Right Side of 30

Montana State Plant Growth Center marks three decades of research

Published online: Jan 08, 2018 Articles Anne Cantrell, MSU News Service
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This article appears in the January 2018 issue of Potato Grower.

Thirty years ago, Montana State University research into plants and soils was at a crossroads: The university’s facility where this research was conducted was small, stifling growth and lacking some critical infrastructure—such as adequate cooling and exhaust systems—that made it difficult to obtain consistent, accurate research results.

The university and its partners made a pitch to the Montana legislature for $5.3 million to build a new facility. Now, one legislative appropriation and three decades later, the Plant Growth Center at MSU has enabled hundreds of research projects that have contributed important knowledge to Montana and beyond. The Plant Growth Center also features labs, classrooms and an insect quarantine unit. 

“This facility has enabled an enormous amount of research,” says David Baumbauer, manager of the Plant Growth Center. That work ranges from disease testing on seed potatoes, to biodiesel production with algae, to weed management, to starting vegetables from seeds for MSU’s student-run vegetable farm, to studying pollinator-plant interactions, to developing wheat varieties that will perform well in Montana’s varied landscape.

The Plant Growth Center runs like a hotel, Baumbauer says. People who would like to use space in the facility submit a request for a reservation, along with information about their desired start and end dates, environmental requirements and other details. Baumbauer then works to find appropriate space to fill the request. Projects using space in the Plant Growth Center can last anywhere from three months to 30 years.

Funded entirely by the 1983 Montana legislature, construction on the MSU Plant Growth Center started in 1985. Part of the facility opened in the fall of 1986, and its formal dedication was held in April 1987.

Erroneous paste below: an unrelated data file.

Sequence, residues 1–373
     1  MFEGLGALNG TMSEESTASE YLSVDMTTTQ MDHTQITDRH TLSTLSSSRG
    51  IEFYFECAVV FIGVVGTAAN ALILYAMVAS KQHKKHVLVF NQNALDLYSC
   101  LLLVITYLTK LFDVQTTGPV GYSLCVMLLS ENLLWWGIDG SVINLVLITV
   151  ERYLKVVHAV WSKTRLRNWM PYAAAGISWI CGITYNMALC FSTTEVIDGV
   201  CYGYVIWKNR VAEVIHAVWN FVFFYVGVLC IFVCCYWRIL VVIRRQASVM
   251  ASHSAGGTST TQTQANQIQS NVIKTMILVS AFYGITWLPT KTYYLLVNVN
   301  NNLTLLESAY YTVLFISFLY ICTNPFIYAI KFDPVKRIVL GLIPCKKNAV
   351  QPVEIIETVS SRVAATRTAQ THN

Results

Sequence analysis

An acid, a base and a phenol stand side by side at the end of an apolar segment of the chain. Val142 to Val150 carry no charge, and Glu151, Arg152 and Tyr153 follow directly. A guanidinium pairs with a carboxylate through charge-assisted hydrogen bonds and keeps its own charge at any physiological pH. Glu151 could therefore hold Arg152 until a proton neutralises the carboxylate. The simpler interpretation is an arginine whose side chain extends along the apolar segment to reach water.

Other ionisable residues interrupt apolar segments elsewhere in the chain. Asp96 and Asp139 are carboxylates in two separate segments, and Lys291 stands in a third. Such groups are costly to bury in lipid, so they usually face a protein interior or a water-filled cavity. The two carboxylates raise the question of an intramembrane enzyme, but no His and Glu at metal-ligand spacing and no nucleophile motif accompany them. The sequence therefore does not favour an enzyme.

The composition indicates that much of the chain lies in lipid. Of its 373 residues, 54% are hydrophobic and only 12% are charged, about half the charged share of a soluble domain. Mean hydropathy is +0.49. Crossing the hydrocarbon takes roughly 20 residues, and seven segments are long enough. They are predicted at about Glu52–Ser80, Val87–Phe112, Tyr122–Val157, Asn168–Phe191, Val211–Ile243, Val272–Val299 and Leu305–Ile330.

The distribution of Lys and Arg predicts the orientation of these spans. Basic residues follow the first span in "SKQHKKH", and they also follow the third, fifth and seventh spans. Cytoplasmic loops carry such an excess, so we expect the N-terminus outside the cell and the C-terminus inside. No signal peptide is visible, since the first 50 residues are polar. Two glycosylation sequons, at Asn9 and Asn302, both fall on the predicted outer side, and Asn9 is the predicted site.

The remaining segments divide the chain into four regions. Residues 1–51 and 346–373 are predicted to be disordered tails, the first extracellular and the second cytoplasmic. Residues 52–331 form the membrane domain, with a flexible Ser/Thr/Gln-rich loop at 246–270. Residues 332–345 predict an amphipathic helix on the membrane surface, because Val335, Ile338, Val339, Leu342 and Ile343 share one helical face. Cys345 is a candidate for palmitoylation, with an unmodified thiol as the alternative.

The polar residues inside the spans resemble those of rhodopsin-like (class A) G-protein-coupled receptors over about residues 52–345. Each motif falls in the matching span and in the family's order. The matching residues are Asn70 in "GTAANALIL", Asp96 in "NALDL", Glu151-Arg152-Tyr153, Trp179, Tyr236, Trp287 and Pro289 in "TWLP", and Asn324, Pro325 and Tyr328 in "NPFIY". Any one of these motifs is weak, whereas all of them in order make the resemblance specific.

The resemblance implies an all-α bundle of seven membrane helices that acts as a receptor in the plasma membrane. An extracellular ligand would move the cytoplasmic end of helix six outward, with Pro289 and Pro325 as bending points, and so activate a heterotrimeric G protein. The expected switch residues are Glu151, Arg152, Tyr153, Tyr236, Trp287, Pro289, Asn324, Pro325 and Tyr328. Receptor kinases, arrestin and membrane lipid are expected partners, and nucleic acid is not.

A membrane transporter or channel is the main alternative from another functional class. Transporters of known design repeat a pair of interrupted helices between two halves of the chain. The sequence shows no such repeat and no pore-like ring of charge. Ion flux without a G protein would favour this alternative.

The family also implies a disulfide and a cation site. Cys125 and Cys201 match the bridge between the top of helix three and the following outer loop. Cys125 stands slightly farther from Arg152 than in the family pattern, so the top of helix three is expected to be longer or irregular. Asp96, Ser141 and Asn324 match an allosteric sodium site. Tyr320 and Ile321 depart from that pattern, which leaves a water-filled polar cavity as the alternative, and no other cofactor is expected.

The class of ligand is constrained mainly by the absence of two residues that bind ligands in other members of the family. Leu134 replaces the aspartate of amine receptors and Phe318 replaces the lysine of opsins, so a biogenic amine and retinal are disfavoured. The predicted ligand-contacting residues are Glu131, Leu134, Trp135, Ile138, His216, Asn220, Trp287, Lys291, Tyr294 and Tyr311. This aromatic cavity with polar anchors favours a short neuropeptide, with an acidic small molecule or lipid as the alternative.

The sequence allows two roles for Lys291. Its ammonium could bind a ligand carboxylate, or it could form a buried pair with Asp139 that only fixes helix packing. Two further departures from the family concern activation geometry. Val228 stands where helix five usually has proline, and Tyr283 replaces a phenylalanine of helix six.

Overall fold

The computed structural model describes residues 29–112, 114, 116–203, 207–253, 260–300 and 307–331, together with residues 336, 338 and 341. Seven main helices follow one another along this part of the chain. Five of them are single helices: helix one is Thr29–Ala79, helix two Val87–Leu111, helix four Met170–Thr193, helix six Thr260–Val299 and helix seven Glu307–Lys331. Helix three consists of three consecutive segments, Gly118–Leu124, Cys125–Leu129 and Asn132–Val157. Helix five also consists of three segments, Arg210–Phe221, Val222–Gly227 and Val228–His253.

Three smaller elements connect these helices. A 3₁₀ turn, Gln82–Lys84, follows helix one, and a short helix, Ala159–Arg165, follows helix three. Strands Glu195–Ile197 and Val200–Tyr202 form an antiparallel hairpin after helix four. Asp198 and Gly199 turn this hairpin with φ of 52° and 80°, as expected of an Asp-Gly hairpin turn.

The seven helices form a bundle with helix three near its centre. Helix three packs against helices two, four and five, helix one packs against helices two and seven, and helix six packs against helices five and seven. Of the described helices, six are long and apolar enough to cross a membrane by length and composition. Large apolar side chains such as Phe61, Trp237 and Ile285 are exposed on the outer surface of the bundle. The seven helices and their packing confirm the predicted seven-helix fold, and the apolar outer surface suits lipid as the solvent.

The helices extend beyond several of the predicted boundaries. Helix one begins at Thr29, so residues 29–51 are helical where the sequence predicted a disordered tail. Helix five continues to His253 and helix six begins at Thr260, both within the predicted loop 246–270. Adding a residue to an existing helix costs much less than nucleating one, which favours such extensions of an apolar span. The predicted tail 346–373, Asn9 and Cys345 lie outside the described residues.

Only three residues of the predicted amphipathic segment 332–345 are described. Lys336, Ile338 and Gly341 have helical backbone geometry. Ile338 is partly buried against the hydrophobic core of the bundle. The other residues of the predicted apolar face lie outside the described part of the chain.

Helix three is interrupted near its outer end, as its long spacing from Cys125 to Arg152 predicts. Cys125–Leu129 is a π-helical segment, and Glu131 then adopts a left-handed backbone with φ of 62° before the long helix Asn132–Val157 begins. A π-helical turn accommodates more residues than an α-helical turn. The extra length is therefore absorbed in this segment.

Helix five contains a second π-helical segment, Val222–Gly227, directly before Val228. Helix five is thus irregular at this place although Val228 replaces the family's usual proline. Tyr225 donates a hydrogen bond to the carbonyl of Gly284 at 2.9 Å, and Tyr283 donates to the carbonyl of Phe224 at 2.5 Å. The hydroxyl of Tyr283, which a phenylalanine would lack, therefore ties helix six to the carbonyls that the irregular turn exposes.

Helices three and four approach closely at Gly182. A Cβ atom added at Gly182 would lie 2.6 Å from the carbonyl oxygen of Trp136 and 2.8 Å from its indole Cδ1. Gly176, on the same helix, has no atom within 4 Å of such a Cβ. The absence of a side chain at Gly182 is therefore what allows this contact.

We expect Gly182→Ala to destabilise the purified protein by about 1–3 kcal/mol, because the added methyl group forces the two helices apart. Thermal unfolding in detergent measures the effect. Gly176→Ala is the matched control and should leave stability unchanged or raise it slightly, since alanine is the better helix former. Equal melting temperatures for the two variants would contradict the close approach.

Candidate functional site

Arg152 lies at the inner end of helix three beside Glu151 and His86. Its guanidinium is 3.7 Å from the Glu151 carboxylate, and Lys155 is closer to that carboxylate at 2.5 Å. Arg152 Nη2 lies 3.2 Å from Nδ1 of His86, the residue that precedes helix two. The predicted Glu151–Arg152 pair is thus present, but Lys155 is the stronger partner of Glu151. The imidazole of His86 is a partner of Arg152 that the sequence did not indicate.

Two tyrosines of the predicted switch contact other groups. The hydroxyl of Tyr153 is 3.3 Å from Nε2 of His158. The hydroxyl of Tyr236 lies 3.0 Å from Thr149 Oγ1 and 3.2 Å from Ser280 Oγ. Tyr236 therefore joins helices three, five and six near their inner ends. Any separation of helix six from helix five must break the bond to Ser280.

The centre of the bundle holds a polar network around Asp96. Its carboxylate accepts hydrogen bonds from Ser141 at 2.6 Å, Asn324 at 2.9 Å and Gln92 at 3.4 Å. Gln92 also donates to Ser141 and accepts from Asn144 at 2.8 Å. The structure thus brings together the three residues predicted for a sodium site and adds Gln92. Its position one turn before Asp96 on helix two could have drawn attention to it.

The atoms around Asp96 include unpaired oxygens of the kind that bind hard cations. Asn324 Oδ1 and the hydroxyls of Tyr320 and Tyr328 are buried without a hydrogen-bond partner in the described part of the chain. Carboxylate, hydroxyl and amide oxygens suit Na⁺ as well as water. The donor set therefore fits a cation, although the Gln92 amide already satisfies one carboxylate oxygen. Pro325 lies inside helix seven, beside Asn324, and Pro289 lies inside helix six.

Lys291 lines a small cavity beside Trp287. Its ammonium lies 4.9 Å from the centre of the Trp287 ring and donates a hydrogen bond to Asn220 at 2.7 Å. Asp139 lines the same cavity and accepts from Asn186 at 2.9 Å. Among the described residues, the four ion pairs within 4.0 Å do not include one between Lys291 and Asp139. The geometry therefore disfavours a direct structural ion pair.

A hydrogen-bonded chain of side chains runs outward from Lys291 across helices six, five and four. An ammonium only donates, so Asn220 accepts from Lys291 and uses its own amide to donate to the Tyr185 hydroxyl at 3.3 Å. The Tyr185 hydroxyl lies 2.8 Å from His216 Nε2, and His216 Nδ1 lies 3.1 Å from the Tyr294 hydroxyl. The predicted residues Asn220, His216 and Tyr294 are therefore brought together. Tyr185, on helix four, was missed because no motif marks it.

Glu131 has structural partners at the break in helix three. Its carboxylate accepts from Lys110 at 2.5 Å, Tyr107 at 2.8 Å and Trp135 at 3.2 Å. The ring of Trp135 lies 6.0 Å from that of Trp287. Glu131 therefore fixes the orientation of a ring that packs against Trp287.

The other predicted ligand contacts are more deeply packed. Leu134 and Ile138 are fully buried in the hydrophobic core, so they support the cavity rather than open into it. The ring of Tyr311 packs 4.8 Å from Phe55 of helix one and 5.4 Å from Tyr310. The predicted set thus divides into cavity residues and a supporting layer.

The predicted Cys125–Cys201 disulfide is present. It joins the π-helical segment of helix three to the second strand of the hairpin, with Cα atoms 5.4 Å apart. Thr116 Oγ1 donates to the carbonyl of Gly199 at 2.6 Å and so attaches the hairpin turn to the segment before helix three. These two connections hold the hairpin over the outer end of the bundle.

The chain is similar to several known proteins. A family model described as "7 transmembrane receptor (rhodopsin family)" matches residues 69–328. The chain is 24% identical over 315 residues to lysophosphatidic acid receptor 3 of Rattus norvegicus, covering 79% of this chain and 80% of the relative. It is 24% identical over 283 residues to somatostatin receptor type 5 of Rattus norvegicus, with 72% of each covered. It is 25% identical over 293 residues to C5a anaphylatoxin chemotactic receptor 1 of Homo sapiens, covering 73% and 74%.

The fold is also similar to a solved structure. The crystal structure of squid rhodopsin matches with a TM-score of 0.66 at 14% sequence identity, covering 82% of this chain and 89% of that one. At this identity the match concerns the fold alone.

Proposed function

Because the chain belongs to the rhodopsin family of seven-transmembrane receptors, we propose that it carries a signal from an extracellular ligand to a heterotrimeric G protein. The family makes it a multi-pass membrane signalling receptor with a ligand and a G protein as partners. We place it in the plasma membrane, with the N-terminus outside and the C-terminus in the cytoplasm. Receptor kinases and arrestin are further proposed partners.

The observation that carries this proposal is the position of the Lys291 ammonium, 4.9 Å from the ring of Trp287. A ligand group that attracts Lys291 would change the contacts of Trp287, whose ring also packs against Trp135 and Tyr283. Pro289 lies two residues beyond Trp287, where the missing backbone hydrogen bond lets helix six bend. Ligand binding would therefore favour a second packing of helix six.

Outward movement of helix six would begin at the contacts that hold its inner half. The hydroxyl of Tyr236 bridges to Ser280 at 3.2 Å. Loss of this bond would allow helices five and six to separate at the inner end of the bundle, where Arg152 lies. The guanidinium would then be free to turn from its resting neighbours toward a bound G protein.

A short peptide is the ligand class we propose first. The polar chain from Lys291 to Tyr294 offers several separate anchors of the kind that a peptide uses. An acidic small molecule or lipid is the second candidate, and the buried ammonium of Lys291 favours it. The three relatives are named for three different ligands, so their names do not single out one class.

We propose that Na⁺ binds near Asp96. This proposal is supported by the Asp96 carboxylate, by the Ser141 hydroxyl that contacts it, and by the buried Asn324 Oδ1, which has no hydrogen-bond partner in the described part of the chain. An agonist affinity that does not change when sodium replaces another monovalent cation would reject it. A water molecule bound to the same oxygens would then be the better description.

Baumbauer—who earlier this year marked his 30th anniversary of managing the Plant Growth Center—noted that, from the beginning, some of the facility’s biggest champions were members of the greater Montana agricultural community.

“It enjoyed tremendous support from the ag community,” he says. “All of these commodity groups and ag groups from across the state went to Helena to testify for the need for a modern plant growth facility.

“The Plant Growth Center is more than just a university building,” he adds. “It really does belong to the ag community. They fought really hard for the funding.”

Bill Tietz, president of the university at the time, championed the notion that the facility should be located on the main part of campus, and thus accessible to the university community at large.

“Many universities set (a facility like the Plant Growth Center) out on the edge of campus,” says Baumbauer. “We’re not located far from the campus core.”

The building itself was designed with high-tech systems that regulate temperature and light. Its energy-saving features include a heat recovery system, where waste heat from water-cooled growth chambers and growth rooms is used to heat the greenhouses, Baumbauer says.

Although the building has remained largely unchanged, a few updates and remodels have been completed in more recent years. In the 1990s, for instance, more greenhouse space was added, as well as a number of growth chambers.

Use of the Plant Growth Center has grown substantially over the years, Baumbauer says. Previously, 25 to 30 researchers would use space each quarter; now, he says, that number has grown to 45 to 50. And many of the researchers are from disciplines outside the College of Agriculture, including ecology, biological engineering and chemistry.

Charles Boyer, the university’s vice president for agriculture, says it’s fitting that MSU—the state’s cornerstone land grant university—hosts a facility that advances agricultural research throughout the state.

“We are so proud of the research that has come out of this facility, as well as the impact that research has had on our state,” says Boyer. “We know that the Plant Growth Center has strengthened Montana’s agriculture landscape and horticulture industries.”